Spectators lined the route from end to end. The distance of the route from the city to Toowong was no less than 4 miles (about 7 kilometres)!

The cortège reached the burial site at Toowong shortly before 7 o’clock in the evening.

Governor Blackall had selected a very beautiful site for his grave, on the top of a hill at the upper end of the Toowong cemetery reserve. Here Rev Dr Tufnell and his assistants conducted a graveside service. At the conclusion of the service, the firing party fired three rounds over the grave and the artillery fired a salute of seventeen guns. Thus ended the day’s solemn proceedings: what I have dubbed “A funeral like none other”.

Queensland’s second governor, Samuel Wensley Blackall, was the first person interred in the cemetery which became known as the “Toowong Cemetery”.

Sign at the entrance to Brisbane’s Toowong Cemetery today. Photo source: Private collection 2018.

 

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My husband and I came across the grave of Sir Samuel Wensley Blackall during a visit to the Toowong Cemetery in October 2018.

Blackall’s grave, situated at the highest point in the cemetery, is marked by a huge stone monument and tapering column, the entire structure 56 feet (approximately 17 metres) high. It’s surely the most prominent edifice in the cemetery.

Samuel Wensley Blackall Memorial, Toowong Cemetery, Brisbane. Photo source: Private collection 2018.

 

Samuel Wensley Blackall Memorial, Toowong Cemetery, Brisbane. Photo source: Private collection 2018.

 

The inscription on a marble slab in one of the gables of the structure’s lower chamber reads: “Erected by the Parliament of Queensland to the memory of Samuel Wensley Blackall, Governor, from 14th August 1868 to 2nd January 1871, who during his short term of office endeared himself to all classes of the community.”

Inscription, Samuel Wensley Blackall Memorial, Toowong Cemetery, Brisbane. Photo source: Private collection 2018.

 

This impressive monument and the words inscribed on it motivated me to find out more about Queensland’s second governor and the man, Samuel Wensley Blackall.

This story is the result.

I hope, like me, you have been inspired by what you have learnt about Governor Blackall.
 

EPILOGUE

The memory of Queensland’s Governor Blackall lives on in a number of ways.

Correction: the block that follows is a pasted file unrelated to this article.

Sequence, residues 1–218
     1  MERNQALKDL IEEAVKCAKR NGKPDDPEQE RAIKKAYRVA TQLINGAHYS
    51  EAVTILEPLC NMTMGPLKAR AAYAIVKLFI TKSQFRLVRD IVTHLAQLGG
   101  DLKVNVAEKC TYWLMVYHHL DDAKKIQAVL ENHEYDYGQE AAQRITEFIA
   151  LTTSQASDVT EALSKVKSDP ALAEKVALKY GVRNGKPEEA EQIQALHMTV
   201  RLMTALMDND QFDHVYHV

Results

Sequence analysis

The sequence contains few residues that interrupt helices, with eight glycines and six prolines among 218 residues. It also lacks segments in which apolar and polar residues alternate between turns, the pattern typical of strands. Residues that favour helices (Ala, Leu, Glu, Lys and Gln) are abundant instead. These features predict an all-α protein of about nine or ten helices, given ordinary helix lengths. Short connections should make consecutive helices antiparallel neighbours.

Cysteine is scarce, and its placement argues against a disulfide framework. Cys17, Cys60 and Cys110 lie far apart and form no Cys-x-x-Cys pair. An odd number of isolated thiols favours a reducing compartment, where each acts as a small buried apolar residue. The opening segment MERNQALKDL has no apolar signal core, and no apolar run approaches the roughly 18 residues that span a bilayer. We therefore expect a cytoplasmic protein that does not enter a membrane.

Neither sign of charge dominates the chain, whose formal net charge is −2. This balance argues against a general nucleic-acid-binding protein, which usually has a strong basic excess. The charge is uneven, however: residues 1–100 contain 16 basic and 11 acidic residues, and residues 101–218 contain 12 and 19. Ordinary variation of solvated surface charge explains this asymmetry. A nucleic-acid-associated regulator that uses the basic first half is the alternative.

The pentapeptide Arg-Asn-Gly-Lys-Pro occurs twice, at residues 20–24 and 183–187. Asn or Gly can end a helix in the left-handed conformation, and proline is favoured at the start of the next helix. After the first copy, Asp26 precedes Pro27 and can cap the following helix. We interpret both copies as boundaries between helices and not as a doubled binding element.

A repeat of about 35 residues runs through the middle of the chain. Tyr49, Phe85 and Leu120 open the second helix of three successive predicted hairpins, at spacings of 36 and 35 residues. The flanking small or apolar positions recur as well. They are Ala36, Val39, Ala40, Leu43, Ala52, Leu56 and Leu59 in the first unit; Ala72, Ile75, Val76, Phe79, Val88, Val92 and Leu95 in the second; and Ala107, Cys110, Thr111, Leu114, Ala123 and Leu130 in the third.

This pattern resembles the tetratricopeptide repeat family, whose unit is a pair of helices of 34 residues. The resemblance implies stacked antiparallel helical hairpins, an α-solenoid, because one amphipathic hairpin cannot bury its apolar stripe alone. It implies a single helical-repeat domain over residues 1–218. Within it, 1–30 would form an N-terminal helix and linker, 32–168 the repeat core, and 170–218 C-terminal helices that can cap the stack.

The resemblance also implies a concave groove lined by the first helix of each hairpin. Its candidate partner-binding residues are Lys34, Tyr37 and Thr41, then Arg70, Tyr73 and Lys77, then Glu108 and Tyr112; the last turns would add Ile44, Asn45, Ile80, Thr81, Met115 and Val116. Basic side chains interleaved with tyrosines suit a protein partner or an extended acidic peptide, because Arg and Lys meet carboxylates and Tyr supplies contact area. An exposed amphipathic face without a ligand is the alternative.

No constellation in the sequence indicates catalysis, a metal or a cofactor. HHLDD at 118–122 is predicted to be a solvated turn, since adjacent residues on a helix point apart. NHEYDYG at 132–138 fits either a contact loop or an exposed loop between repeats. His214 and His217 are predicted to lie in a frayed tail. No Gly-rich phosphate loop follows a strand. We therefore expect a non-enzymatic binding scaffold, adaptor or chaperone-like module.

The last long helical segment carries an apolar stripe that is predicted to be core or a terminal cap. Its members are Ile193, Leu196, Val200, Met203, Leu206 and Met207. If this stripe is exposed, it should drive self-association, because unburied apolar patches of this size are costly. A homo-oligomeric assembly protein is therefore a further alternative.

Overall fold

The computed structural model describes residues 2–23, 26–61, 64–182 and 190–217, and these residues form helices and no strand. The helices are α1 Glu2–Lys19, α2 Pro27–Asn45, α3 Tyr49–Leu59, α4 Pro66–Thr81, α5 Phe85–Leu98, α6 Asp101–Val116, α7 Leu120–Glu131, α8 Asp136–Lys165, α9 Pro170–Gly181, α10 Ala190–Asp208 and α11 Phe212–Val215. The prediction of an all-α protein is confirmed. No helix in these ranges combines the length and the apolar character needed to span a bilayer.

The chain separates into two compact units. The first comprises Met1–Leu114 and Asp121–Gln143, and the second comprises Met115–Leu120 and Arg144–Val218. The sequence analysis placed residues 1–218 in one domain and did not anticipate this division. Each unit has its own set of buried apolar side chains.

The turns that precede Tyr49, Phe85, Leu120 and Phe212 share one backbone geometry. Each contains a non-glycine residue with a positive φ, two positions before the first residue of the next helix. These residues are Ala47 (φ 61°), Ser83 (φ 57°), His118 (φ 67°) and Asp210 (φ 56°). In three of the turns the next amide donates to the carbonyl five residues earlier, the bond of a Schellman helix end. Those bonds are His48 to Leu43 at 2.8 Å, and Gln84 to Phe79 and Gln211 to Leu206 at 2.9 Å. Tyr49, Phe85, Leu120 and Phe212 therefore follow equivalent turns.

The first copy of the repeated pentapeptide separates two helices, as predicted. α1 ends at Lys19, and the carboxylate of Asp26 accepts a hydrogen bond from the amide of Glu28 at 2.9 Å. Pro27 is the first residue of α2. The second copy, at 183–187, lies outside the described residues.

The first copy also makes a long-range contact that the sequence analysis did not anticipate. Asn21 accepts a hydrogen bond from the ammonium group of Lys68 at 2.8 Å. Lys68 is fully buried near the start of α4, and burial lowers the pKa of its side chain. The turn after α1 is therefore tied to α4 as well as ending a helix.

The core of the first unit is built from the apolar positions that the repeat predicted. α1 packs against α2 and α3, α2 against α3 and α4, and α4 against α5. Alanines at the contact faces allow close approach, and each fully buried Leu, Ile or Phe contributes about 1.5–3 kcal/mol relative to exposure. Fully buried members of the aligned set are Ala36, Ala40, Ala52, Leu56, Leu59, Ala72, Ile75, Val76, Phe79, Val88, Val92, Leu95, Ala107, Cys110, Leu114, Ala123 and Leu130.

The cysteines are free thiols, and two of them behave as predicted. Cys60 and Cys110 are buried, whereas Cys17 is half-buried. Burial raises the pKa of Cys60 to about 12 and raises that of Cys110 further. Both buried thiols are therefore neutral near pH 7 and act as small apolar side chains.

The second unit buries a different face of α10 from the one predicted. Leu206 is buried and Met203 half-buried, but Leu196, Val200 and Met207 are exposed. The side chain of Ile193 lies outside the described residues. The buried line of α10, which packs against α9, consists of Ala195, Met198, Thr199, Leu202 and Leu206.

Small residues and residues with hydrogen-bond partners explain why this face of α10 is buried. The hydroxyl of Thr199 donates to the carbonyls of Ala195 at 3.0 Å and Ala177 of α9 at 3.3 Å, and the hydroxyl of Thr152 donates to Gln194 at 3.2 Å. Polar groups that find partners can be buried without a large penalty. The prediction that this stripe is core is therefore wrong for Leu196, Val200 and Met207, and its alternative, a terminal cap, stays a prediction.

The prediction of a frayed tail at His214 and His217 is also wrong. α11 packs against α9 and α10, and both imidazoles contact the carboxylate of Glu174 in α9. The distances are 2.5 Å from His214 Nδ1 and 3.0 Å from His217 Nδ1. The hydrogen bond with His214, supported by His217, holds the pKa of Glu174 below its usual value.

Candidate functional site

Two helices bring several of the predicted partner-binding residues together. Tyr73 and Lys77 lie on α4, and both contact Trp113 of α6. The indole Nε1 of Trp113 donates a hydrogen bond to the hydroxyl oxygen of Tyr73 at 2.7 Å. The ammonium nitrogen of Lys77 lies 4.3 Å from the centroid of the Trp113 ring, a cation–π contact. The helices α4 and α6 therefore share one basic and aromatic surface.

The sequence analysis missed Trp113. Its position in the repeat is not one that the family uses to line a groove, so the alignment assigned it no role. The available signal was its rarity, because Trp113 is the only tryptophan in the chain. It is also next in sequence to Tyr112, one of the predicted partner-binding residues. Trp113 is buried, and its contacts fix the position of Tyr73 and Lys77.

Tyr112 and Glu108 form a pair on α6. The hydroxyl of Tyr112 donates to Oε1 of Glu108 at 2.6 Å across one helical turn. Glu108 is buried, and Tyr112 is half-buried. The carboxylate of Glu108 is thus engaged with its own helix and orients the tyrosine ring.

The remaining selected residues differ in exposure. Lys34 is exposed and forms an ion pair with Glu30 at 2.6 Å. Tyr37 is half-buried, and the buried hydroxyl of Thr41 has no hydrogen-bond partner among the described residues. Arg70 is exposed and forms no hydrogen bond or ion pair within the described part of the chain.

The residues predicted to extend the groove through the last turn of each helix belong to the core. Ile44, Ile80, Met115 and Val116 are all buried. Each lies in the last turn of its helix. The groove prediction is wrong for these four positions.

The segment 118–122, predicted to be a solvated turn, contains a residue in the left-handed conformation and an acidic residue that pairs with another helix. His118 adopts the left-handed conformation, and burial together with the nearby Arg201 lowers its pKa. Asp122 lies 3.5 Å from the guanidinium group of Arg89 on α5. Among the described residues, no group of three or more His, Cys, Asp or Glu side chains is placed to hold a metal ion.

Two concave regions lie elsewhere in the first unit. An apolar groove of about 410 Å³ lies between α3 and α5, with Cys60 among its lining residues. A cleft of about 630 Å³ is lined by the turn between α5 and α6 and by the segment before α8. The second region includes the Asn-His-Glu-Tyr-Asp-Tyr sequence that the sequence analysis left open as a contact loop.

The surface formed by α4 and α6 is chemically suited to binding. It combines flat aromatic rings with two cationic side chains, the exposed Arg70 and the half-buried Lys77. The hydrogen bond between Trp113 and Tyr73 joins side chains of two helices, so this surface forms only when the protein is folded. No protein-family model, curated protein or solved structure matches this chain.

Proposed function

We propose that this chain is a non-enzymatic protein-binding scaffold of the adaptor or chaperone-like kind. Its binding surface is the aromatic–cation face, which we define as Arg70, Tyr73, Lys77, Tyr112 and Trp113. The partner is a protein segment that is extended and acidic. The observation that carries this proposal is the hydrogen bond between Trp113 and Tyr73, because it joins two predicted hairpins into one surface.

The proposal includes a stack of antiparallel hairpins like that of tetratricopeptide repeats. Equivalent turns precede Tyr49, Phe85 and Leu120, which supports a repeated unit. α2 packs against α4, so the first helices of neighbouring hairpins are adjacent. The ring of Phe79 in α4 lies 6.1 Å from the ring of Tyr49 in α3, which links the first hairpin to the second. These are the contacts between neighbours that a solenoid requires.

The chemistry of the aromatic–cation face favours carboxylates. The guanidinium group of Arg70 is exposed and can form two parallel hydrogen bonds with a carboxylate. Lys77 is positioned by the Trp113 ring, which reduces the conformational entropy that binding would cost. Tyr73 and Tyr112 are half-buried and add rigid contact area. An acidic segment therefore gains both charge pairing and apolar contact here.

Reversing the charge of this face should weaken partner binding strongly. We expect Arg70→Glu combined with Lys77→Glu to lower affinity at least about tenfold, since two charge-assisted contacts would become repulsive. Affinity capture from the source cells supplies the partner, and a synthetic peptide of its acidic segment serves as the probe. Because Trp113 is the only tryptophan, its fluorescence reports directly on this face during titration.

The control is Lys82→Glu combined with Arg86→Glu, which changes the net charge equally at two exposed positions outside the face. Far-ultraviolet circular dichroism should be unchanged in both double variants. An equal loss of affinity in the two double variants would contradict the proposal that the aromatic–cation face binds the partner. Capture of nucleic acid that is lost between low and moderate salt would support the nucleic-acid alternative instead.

First, there’s the monument in the Toowong Cemetery. Soon after Governor Blackall’s death, the Parliament of Queensland set aside ₤500 to erect a fitting memorial to the much loved late governor. Queensland’s Colonial Architect, Mr F D G Stanley, designed the monument. A good example of early English gothic architecture, it was built principally of stone from Murphy’s Creek.

Second, Governor Blackall’s memory is preserved in the name of the town “Blackall” in central western Queensland.

c. 1885. Bullock team walking down Shamrock Street, Blackall, Queensland. Photo source: State Library of Queensland. Public domain.

 

Third, the “Blackall Range” in the Sunshine Coast hinterland of south east Queensland bears his name.

1935. Motorists stop for a break on the road up the Blackall Range. Photo source: State Library of Queensland. Public domain.

 

Finally, “Blackall Terrace” in the Brisbane suburb of East Brisbane is named in honour of Queensland’s Governor Blackall.

 
 

REFERENCES

Click here for details of the references I used in preparing this story.

 

THE COURIER. PUBLISHED DAILY. TUESDAY, JANUARY 3, 1871. (1871). Brisbane Courier (Qld. : 1864 – 1933), Tuesday 3 January, page 2. Online: Retrieved on 30 December 2019.

DEATH OF GOVERNOR BLACKALL. (1871). Brisbane Courier (Qld. : 1864 – 1933), Monday 23 January, page 5. Online: Retrieved on 14 December 2019.

FUNERAL OF THE LATE GOVERNOR. (1871). Brisbane Courier (Qld. : 1864 – 1933), Wednesday 4 January, page 2. Online: Retrieved on 14 December 2019.

THE POPULATION OF QUEENSLAND. (1871). Maitland Mercury and Hunter River General Advertiser (NSW : 1843 – 1893), Saturday 18 November, page 2. Online: Retrieved on 14 December 2019.

GOVERNOR SAMUEL BLACKALL. Monument Australia (website). Online: Retrieved on 12 December 2019.